Dr Megen de Bruin-Molé has been running creative workshops as part of the Speculative Space of Galleries, Libraries, Archives and Museums project. The workshops explore the critical ground that exists between science fiction and gallery, library, archive and museum spaces and collections.

Dr Emma Reay has set of a series of workshops in collaboration with ‘A Good Death?', a research group based at the University of Cambridge. The workshops bring together game designers and death-adjacent practitioners, such as doctors, bereavement counsellors or headstone engravers to facilitate better conversations about death and dying.


In their book, Dr Sami Everett and Rebekah Vince explore Jewish-Muslim interactions across North Africa and France through performance culture in the 20th and 21st centuries. They offer an alternative view to the current trend of viewing these interactions primarily through conflict.

In her book Good Pictures Are a Strong Weapon, Professor Louise Siddons examines lesbian photographer Laura Gilpin’s classic 1968 book The Enduring Navaho. Questioning the limits of political solidarity, she investigates the politics of Navajo sovereignty and queerness over the course of the 20th century and asks how visual culture contributes to social change.

In the Petrified Media project, Dr Stephen Cornford explores electronic waste as it sediments into Earth’s stratigraphic record. By applying the techniques of geology to a hypothetical technofossil, the work imagines a future where discarded technologies become part of the planet’s geology.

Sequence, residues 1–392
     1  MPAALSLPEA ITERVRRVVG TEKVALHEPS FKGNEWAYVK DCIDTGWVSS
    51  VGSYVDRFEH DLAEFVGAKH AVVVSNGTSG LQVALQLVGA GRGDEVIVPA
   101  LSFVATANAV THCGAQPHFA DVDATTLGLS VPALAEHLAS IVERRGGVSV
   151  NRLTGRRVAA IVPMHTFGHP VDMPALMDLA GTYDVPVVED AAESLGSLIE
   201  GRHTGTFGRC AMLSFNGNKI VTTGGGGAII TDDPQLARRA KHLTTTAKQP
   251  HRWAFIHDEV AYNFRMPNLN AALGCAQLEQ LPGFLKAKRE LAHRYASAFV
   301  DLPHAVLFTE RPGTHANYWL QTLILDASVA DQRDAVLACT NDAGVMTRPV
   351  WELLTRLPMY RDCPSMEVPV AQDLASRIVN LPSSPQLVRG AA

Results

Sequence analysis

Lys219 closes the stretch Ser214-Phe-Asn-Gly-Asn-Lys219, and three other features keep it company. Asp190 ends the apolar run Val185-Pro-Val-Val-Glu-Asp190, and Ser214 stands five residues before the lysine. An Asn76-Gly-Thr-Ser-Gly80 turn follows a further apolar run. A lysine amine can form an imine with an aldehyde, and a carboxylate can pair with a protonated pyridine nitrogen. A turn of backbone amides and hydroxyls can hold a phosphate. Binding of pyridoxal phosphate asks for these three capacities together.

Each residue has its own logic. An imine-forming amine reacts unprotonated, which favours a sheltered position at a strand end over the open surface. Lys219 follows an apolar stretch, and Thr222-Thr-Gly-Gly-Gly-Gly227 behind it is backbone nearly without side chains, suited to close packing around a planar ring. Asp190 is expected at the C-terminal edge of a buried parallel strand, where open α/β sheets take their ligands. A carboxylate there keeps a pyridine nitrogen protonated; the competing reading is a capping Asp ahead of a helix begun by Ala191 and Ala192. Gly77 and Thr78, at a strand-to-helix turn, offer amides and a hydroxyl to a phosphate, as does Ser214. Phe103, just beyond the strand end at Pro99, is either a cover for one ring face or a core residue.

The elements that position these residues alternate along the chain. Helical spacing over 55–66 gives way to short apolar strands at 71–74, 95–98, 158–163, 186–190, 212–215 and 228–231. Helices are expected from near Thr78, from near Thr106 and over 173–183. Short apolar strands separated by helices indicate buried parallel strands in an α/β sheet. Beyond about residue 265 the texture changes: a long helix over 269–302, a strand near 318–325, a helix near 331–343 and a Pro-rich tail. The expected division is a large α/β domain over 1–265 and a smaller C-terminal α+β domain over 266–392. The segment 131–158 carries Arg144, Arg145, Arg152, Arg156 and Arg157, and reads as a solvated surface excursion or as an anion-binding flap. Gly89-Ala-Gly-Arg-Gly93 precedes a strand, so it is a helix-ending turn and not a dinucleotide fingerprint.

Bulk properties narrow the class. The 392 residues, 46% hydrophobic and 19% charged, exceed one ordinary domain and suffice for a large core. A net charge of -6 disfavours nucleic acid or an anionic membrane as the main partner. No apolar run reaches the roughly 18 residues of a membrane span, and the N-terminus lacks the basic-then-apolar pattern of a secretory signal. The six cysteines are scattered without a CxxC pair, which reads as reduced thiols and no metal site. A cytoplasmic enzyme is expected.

Professor Jussi Parikka is involved with the Climate Engines exhibition. This features artistic projects that address climate change and environmental justice. The works range from media arts, gaming, to video art, installation, and photography. It includes a new piece commissioned as part of the WSA and Potsdam University project Weather Reports.

Videos and games

Dr Vanissa Wanick has been working on a number of projects within the theme of applied games and playful design for social good and education. Demoplay is a hybrid roleplaying game for participatory budgeting. Plausible Futures is a boardgame which looks at how games can elicit conversations about inequalities. Healthy Ageing is a digital game which aims to raise awareness of dementia risks.

Commissioned by Cinema Rediscovered, ‘Bushman (Reassembled)’ is a video essay on David Schickele’s 1971 lost film Bushman. Dr Kwame Phillips remixed, recut and reassembled its dialogue and footage to accentuate the film’s discussion of othering and belonging.

Our courses

Research and enterprise

Explore our community, from the work of our school and research centres, to our links with industry and the community.

Our research community

Research groups bring together specialists to share knowledge and solve problems.


We do not draw arbitrary lines between our fields of practice, but embrace the blurriness between them to become more effective learners and leaders.
Head of Department
My work combines handmade, digital and mechanical images across different mediums and speaks to loss and ruin in visual culture.
Painting Lead
My research and teaching covers media theory and practice, and creative, playful and every day uses of technology from games and robots to toys and AI.
Associate Professor
I would describe what I do as putting knowledge systems and theory in dialogue, as a means of exploring social action, and activating that to create artistic research. So, a mix of practice, play, and protest.
Senior Lecturer in Media Practices

Work with us

  • An artist manoeuvres an elaborate sculpture into position inside an art gallery

    Jobs at Southampton

    Find out about job vacancies at the Department of Art and Media Technology, and the wider University.